Essential commodities prices sky rocketed in clashes-hit Manipur

Essential commodities prices sky rocketed in clashes-hit Manipur

Imphal: Prices of essential commodities have skyrocketed in Manipur since communal violence broke out three weeks ago, as imports of products from outside the state have been affected, with many items being sold at double the normal price.

In most parts of the drought-stricken northeastern state, besides LPG cylinders and petrol, commodities like rice, potatoes, onions and eggs are being sold at much higher rates than the government has set.
“Earlier, the price of a 50 kg bag of super fine rice was Rs 900 but now it has gone up to Rs 1,800. The prices of potatoes and onions have also increased by Rs 20 to 30. Generally, imports The prices of all essential commodities have gone up,” said Manglembi Chanam, a government school teacher in Imphal West district.

He said that LPG cylinders are being sold for Rs 1,800 in the black market, while a liter of petrol costs Rs 170 in many parts of Imphal West district.
“The prices of eggs have also gone up, a crate of 30 eggs costs Rs 300 instead of Rs 180. If the security forces had not guarded the trucks carrying the essential goods, the prices would have gone up further. Scenes of the security forces Potatoes had also reached Rs 100 per kg before they arrived,” said Chanam.
Truck traffic in the Imphal Valley came to a standstill due to roadblocks and fear among transporters as a tribal solidarity march was held in Manipur on May 3 to protest against the demands of the Scheduled Tribe (ST) community in the hill districts of Manipur. Clashes took place after the event.
“Consequently, the stock of essential goods in the state has dwindled and reached critical levels leading to planned movement through NH 37,” said a defense official.
The spokesperson said that truck movement on NH 37 resumed on May 15 and security forces are fully committed to restore normalcy.

The prices of essential commodities also increased in districts that were not much affected by the violence between the people of Mete and Kuki communities in which more than 70 people were killed.
Rebecca Gangmei, 41, who runs a grocery shop and a food stall in Tamenglong district headquarters, said, “The prices of essential items, especially rice, have gone up sharply even though there has been no violence in our district. Only meat. The prices have not changed much because it is not imported from the local people.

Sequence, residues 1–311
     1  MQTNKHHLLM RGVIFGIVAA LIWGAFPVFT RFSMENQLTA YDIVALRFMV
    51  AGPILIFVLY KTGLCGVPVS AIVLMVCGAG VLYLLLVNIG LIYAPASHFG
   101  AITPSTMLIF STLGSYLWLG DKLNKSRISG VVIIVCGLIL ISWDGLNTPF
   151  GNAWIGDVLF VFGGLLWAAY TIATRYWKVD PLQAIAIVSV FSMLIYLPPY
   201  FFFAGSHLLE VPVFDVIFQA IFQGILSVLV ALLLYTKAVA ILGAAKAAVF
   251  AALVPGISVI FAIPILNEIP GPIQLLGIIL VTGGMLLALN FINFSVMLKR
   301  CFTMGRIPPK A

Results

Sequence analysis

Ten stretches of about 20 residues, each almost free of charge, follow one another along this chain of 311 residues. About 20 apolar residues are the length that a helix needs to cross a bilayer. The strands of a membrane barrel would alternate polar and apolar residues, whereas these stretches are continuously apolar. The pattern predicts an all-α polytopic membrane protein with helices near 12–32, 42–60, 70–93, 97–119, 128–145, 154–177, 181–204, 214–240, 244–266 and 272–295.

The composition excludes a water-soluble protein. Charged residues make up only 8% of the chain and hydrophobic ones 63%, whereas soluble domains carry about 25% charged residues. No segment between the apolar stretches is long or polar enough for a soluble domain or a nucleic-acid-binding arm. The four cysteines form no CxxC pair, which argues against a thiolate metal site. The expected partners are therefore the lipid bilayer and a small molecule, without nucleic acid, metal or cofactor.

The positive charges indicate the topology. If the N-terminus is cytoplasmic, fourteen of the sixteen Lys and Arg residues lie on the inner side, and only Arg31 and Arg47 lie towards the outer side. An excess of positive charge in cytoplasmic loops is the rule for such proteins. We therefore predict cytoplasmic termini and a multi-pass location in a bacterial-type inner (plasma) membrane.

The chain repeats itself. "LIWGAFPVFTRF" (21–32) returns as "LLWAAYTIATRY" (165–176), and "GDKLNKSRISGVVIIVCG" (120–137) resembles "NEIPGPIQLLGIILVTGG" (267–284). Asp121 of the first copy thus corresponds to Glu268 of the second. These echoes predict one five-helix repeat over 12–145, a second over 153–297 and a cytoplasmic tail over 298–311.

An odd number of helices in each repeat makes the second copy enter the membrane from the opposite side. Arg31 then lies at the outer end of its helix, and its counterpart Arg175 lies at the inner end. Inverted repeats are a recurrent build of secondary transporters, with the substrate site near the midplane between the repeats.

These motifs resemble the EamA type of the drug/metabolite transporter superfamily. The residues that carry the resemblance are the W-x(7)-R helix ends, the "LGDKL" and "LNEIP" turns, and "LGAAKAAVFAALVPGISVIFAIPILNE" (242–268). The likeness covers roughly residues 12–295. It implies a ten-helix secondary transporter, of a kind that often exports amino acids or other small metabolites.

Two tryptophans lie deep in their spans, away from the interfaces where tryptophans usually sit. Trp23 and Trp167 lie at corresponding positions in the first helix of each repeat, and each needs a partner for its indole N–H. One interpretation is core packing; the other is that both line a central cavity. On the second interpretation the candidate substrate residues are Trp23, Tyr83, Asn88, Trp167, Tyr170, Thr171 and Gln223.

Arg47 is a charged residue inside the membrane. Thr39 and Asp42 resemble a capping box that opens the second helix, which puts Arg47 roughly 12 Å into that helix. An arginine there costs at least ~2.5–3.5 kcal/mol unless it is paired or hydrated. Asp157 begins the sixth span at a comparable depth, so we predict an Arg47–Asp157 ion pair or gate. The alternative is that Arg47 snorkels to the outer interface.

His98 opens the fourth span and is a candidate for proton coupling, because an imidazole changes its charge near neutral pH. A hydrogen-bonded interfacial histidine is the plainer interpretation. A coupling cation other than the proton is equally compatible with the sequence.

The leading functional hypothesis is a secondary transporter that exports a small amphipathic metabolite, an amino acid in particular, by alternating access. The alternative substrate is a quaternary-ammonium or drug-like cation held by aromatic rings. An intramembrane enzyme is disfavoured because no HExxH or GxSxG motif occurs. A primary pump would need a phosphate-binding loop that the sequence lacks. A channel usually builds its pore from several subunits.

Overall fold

Pamchuila Kashung, an assistant professor at a government college in Ukhrul district, said she is lucky because she lives near Nagaland, where essential commodities come from.

“Nevertheless, the prices of some commodities have increased, especially rice,” Kashung said.
Some people also said that the prices of tobacco products have also increased manifold.

A consumer affairs department official said the government fixes prices from time to time and whoever sells products at higher rates will be penalised.
The state government has released revised wholesale and retail prices of food items 18 days after the violence erupted.

Although the violence in Manipur began on May 3, earlier there was tension over the eviction of Kuki villagers from reserve forest land, which led to a series of small protests.
Meiteis constitute about 53% of Manipur’s population and live mostly in the Imphal Valley. The tribals – Nagas and Kukis – constitute another 40 percent of the population and live in the hilly districts.
The ethnic clashes have claimed more than 70 lives and nearly 10,000 army and paramilitary personnel have been deployed to restore order in the northeastern state.

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